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Hong Kong’s next-generation ferries have batteries and solar panels.


Hong Kong is building a new generation of ferries that will be some of the best for the environment. The nine high-speed passenger ships can carry more than five million people each year between Hong Kong and the nearby islands of Lamma Island, Peng Chau, and Hei Ling Chau along three routes.

Under the Hong Kong Government Vessel Subsidy Scheme, these new ships will be built. The goal of the project is to replace the current ferries while also improving safety and environmental standards. This includes making sure that the High-Speed Craft Code 2000 safety standard is met.

The length of the nine fast boats will be between 115 and 130 feet. Only one of the ships will be made of aluminum. The rest will be made of carbon fiber composite. The ferries will be built in Hong Kong by Cheoy Lee Shipyards, which is one of the few yards in the world that regularly builds ships out of steel, fiberglass, aluminum, and different combinations of these materials, according to Bureau Veritas, the classification society for the project. 

Hong Kong’s next-generation

Ferries play an important role in Hong Kong.” Hong Kong’s ferry market is still growing, and with that growth comes the need to meet safety and environmental standards. Bureau Veritas’ certifications will help make sure that ferries are safe, and comfortable, use energy efficiently, and don’t harm the environment. They will do this by working with and supporting everyone involved in this project.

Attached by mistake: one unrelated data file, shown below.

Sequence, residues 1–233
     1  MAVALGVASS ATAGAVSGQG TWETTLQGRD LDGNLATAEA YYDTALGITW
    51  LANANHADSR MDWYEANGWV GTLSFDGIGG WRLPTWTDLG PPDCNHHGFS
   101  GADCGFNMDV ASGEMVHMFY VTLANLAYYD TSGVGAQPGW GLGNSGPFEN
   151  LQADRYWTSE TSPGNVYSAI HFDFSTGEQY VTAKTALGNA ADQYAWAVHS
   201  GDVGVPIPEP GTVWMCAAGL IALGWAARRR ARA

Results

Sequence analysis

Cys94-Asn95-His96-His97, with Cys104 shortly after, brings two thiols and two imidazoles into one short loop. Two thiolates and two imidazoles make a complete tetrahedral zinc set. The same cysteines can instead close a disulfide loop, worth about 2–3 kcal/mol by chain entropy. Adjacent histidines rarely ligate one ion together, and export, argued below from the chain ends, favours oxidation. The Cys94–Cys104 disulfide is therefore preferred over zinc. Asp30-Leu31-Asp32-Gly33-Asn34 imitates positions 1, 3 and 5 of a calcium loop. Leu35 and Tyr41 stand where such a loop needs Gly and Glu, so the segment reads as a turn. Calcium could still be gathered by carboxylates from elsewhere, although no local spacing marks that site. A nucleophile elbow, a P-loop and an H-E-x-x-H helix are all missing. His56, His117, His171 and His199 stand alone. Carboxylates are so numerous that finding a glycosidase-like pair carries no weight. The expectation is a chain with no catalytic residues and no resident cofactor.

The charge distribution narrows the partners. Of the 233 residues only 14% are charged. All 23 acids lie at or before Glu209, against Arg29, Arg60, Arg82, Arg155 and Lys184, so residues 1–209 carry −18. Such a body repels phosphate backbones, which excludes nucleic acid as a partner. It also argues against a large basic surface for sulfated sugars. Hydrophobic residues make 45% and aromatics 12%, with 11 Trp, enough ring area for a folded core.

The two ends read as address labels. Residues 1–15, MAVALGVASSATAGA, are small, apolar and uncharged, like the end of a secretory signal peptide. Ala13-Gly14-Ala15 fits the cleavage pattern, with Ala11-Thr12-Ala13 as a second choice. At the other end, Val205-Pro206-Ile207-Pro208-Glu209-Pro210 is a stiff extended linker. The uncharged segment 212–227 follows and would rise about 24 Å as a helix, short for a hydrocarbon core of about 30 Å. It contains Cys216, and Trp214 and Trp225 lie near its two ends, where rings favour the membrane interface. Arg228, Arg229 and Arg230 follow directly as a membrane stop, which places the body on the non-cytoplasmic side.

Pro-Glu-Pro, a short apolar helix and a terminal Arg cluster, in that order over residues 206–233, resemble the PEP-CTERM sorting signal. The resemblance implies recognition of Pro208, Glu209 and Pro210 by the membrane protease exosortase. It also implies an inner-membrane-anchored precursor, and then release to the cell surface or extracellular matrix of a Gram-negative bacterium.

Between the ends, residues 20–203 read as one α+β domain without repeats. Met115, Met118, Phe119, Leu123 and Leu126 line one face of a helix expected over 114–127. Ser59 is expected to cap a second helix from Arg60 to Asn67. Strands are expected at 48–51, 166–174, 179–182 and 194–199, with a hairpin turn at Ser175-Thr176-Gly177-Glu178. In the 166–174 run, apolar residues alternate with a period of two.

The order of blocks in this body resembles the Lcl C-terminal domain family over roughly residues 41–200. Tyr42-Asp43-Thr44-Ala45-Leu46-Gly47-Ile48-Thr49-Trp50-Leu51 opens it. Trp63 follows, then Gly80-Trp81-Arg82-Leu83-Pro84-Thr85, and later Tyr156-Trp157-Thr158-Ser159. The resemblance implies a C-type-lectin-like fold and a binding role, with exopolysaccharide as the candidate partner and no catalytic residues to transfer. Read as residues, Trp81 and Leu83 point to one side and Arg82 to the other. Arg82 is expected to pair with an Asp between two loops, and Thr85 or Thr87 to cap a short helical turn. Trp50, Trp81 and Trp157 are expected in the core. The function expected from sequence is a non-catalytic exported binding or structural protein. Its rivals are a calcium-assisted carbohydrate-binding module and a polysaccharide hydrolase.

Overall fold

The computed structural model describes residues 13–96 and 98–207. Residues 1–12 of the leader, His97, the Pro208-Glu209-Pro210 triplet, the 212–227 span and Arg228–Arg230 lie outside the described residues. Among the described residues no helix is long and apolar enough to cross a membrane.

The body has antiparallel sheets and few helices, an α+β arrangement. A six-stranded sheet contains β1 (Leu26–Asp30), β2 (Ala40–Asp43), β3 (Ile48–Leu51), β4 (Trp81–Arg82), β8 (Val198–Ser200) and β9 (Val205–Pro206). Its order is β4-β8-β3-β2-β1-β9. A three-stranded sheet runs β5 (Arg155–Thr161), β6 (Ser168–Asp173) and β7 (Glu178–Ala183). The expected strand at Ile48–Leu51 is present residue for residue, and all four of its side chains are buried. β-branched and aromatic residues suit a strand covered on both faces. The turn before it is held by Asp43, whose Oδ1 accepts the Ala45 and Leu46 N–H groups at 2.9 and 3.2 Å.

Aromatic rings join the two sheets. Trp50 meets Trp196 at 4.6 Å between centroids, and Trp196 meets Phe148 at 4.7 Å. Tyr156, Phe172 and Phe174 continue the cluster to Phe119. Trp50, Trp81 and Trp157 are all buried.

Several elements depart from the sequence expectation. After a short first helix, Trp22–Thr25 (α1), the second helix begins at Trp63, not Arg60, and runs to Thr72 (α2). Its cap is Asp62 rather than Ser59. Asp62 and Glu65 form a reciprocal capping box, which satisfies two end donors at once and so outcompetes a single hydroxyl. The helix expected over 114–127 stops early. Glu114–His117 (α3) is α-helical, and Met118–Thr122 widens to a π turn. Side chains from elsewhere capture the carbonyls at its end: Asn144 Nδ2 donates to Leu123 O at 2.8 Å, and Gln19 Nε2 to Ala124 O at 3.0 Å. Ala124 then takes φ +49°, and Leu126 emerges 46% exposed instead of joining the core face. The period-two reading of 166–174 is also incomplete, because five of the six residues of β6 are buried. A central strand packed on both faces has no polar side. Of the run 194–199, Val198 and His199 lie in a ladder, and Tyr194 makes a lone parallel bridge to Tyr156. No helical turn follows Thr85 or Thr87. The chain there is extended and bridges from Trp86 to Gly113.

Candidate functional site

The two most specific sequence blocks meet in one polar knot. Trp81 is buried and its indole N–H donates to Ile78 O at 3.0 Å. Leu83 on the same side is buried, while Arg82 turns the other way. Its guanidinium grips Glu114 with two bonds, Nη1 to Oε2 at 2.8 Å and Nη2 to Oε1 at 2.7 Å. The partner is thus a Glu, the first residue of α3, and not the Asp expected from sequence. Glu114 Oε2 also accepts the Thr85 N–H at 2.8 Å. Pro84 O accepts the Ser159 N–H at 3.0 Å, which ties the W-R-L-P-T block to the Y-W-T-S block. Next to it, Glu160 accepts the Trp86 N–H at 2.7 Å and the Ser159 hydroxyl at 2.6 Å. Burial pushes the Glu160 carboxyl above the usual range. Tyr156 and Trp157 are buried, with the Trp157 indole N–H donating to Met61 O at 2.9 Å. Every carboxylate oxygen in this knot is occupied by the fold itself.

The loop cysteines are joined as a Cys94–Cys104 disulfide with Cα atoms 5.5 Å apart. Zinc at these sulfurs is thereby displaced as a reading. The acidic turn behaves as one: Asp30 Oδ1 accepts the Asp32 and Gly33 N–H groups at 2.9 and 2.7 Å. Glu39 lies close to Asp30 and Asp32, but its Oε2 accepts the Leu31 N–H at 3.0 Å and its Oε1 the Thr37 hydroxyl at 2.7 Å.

The main goals of the new ships are to use less energy and be better for the environment. All nine ferries will have about 1,000 square feet of solar panels and battery systems to store solar energy and use it to power the ferries. As an alternative way to move, the hybrid ships will also have air-cooled lithium-ion modular battery systems installed.

The main engines that move the ship will be marine diesel engines that meet IMO Tier III standards. As part of a trial program run by Hong Kong’s Environmental Protection Department, two of the nine ships will be moved by diesel-electric hybrid propulsion systems. This will make it possible for these ferries to move around and dock while emitting no pollution. The ships should be ready between the end of 2023 and the beginning of 2025.


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